Liberation: Spiritual Freedom Now or Later
Spiritual liberation is realization of our innermost essence, the Self. This can occur after death or even before the body and mind have disintegrated. The latter form of freedom is known as “living liberation.” If it qualitatively the same as the former and is often known as enlightenment.
In both cases, the mind must be fully transcended. That is to say, there must be nothing in the way of pure awareness. While we are alive, Self-realization is a paradoxical state. On one hand, there is the disembodied, eternal Self, and on the other hand, there is the infinite body and an equally finite mind. This is a mind boggling combination!
The Self-realized adept who is alive has pushed the mind to its limits, such that it barely exists at all. Certainly, the adept’s mind includes no tendency to ward self-centeredness. In some cases, the master may spend more time being present as the Self. In (most) other cases, he or she dips into actual Self-realization periodically, which then has a profoundly transformative effect on the mind. Put differently, in the Self-realized adept, the Self – or God – is more present than the mind.
The process of Yoga is an unveiling of the ever-present Self. We are always free, or liberated. But the blocks in our mind prevent us from recognizing our innate freedom. This is comparable to a tree branch standing in the way of the Sun. When we bend the branch a little, the sunlight strikes our eyes. When we remove the obstructions in the mind – all the negative emotions like anger, lust, greed, and so on – we can welcome the light of the Self in our heart. Even a little bit of the yogic work can give us a glimpse of the Self. In a way, every step toward the Self is liberating.
Yoga is thus excavation work, which gets rid of the dross in the psyche. At first, this requires a very muscular effort. We have to apply ourselves systematically using willpower and self-discipline. Imagine spade and pickaxe. Later on, the yogic work becomes more subtle but also more challenging, because the impediments are not always easy to see. When you are still in the process of dismantling gross self-centeredness, you will in general know what to do. More subtle forms of self-centeredness involve mental obstacles that call for great discernment. It may not always be obvious to a disciple even which functions of the mind are self-centered. This is where a guru can be supremely helpful. He or she has struggled with the same or a similar problem.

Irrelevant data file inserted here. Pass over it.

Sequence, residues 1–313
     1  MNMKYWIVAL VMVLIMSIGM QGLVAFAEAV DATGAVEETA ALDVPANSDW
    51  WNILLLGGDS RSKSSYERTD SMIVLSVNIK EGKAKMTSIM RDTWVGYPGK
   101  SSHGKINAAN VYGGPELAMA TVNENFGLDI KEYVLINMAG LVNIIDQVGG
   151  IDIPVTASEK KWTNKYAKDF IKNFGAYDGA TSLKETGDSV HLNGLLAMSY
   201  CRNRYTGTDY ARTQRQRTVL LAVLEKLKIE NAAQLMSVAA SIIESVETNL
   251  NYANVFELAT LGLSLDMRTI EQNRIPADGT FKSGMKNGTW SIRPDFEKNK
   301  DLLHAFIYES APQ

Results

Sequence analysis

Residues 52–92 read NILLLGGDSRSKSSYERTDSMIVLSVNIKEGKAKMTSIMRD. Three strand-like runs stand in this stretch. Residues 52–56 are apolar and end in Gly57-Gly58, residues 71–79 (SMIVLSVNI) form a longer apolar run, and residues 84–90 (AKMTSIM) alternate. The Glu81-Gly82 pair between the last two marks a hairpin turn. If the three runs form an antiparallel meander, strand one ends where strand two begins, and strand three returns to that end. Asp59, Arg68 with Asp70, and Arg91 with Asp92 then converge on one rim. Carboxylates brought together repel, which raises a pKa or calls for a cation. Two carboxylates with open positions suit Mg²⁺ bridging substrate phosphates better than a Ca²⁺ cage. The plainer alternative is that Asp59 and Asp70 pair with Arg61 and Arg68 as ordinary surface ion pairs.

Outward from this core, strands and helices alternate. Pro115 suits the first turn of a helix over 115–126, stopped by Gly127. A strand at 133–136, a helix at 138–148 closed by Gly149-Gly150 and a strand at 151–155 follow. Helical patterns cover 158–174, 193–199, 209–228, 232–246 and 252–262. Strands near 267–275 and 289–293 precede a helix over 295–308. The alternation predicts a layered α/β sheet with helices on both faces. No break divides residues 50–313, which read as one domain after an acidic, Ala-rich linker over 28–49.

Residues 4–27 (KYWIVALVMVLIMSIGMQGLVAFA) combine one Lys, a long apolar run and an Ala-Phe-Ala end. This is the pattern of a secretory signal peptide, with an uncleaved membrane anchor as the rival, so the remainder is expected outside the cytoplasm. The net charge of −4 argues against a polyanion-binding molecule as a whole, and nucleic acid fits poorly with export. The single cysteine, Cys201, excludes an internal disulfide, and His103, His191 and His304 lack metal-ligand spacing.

Being more skilful on the ecstatic circuit of the spiritual path, the guru can point out where we are getting sidetracked. The experience of ecstasy – either in its lower forms or by dint of artificial means (such as drugs or mantras) – can itself be full of traps. Not every ecstasy reveals the Self. The ecstatic state can, however, look like the real thing. Only superior discernment – like a teacher is apt to have – will settle the matter.
Whenever we are close to Self-realization, our conduct is likely to become simple and inspiring to others. The nondual Self, after all, is simple. As long as our life is overly convoluted, or complicated, we are still closer to the mind than to the Self. On the spiritual path, the mind is progressively stripped of the need for complication and extraordinariness. In fact, disciples are to all appearances ordinary people. They don’t wear a special sign that proclaims: “I am a disciple.” Nor do disciples engage in extraordinary feats. If they do, then we ought to question their spiritual status. To behave in an ordinary manner while being extraordinary on the inside is a sign of freedom.
The freer we are, the less likely do we feel the urge to assert ourselves or display our specific neuroses. The liberated being is non-neurotic. He or she has overcome the wiles and compulsions of the mind.
By Brenda and Georg Feuerstein (An excerpt from “The Matrix of Yoga: Teachings, Principles, and Questions” by Georg and Brenda Feuerstein. Used with permission from Brenda Feuerstein)
Brenda Feuerstein will be leading our SOYA Annual Yoga Retreat at Sorrento Centre this May 31-June 2nd! An event not to be missed! Register Here! She is an author and yoga scholar. Her books include The Yoga-Sutra from a Woman’s Perspective, Yoga-Nidra/Yoga Sleep (audio recording) as well as co-authored works with her late husband and spiritual partner Dr. Georg Feuerstein include, The Matrix of Yoga, Green Yoga, Green Dharma, and The Bhagavad-Gita: A New Translation. She lives in the quaint village of Eastend, Saskatchewan. Photo credit: Free download from Pixabay at https://www.pexels.com/photo/abstract-art-awareness-branches-268283/